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Death toll in Syria’s war at 162,000: monitoring group

BEIRUT, May 19, (RTRS): At least 162,000 people have been killed in Syria’s threeyear- old conflict, a monitoring group said on Monday, and thousands more are missing after being captured by President Bashar al-Assad’s forces and rebels trying to overthrow him. The pro-opposition, British-based Syrian Observatory for Human Rights said losses among fighters on the government side were higher than those among pro-rebel groups, and estimated that at least 54,000 civilians had been killed since the conflict began. It estimated 62,800 deaths among the army, pro-Assad Syrian militia, Lebanese Hezbollah fighters and other foreign Shiite gunmen.

Rebel
That compared with 42,700 people who had died on the rebel side, including fighters from al-Qaeda’s Nusra Front, other Islamist brigades, and soldiers who defected from Assad’s army. Nearly 3,000 people of unknown identity or affiliation had been killed, it said. The Observatory said all sides in the conflict played down their losses, making an accurate count almost impossible, and the overall death toll was probably around 70,000 higher at 230,000.

Efforts to find a political solution to the conflict collapsed in Geneva three months ago and the international mediator Lakhdar Brahimi will step down at the end of the month. Assad, who has steadily clawed back control over the centre of the country, is widely expected to win a third seven-year term in a June 3 election which his enemies have condemned as a charade.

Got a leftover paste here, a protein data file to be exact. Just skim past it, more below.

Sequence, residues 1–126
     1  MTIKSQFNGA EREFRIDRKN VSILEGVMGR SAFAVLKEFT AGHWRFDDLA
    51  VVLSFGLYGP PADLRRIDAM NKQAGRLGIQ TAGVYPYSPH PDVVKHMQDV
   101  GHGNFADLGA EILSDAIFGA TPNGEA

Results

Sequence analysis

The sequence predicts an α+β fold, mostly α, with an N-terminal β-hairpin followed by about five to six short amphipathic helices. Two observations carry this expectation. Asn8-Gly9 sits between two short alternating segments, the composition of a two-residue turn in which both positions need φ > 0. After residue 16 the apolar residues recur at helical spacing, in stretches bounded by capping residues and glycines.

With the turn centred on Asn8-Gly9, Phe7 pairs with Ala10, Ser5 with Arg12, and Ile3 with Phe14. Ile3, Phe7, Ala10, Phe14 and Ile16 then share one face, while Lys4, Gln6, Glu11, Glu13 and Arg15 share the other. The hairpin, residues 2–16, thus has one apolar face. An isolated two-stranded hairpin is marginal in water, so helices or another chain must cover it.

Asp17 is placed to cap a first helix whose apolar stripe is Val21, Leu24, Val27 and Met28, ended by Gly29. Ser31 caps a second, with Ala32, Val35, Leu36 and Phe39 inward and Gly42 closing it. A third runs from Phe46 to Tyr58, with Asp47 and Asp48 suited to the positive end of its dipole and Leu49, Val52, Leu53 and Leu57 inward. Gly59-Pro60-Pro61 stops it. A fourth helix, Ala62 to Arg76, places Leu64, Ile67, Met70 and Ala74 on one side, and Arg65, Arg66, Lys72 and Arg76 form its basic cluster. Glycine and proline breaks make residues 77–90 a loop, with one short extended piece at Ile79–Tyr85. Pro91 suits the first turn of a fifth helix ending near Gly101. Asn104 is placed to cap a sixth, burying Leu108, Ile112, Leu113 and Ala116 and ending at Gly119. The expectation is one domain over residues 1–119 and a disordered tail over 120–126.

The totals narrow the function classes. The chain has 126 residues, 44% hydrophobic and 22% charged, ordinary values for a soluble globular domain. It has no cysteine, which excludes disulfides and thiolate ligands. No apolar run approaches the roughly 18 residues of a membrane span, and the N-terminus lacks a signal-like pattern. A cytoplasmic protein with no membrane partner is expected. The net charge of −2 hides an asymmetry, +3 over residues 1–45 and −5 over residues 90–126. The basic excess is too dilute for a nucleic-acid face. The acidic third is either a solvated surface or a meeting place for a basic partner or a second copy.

The Observatory said its figures did not include 18,000 people who had been detained by authorities and whose fate was unknown, as well as thousands more who were missing after raids by security forces.

Another 8,000 soldiers and pro-Assad militia were also missing after being held by rebels, and hundreds of people had been kidnapped, it said. A further 1,500 fighters were abducted during inter-rebel conflict.

Meanwhile, the minister of defence for Syria’s opposition government has resigned following disagreements with the body’s head, opposition sources said on Monday, highlighting divisions among President Bashar al-Assad’s opponents. Saudi-backed dissident Asaad Mustafa was appointed to his post in November as part of a plan by the opposition National Coalition to administer rebel-held areas of the war-torn country. But the government-in-exile has been unable to control disparate rebel groups, which include foreign al-Qaeda insurgents, and has received only marginal support from its Western backers.

Mustafa, in his sixties, served as minister of agriculture under Assad’s father, Hafez al-Assad, but defected after the uprising against 40 years of family rule started in 2011 and turned into a civil war. Arebel source close to Mustafa said he resigned on Sunday night to protest a lack of funds for his fighters from Coalition head Ahmed Jarba. But a source in the Coalition said Mustafa left after Jarba refused to appoint him as provisional prime minister, a post currently held by Ahmed Tumeh, a moderate Islamist. Mustafa “did not achieve anything. We lost Syria. We lost it to jihadis and to Assad,” the source said on condition of anonymity. Reuters was unable to immediately reach Mustafa for comment. Jarba will remain head of the Coalition until June, when a new leader will be elected unless his term is extended.

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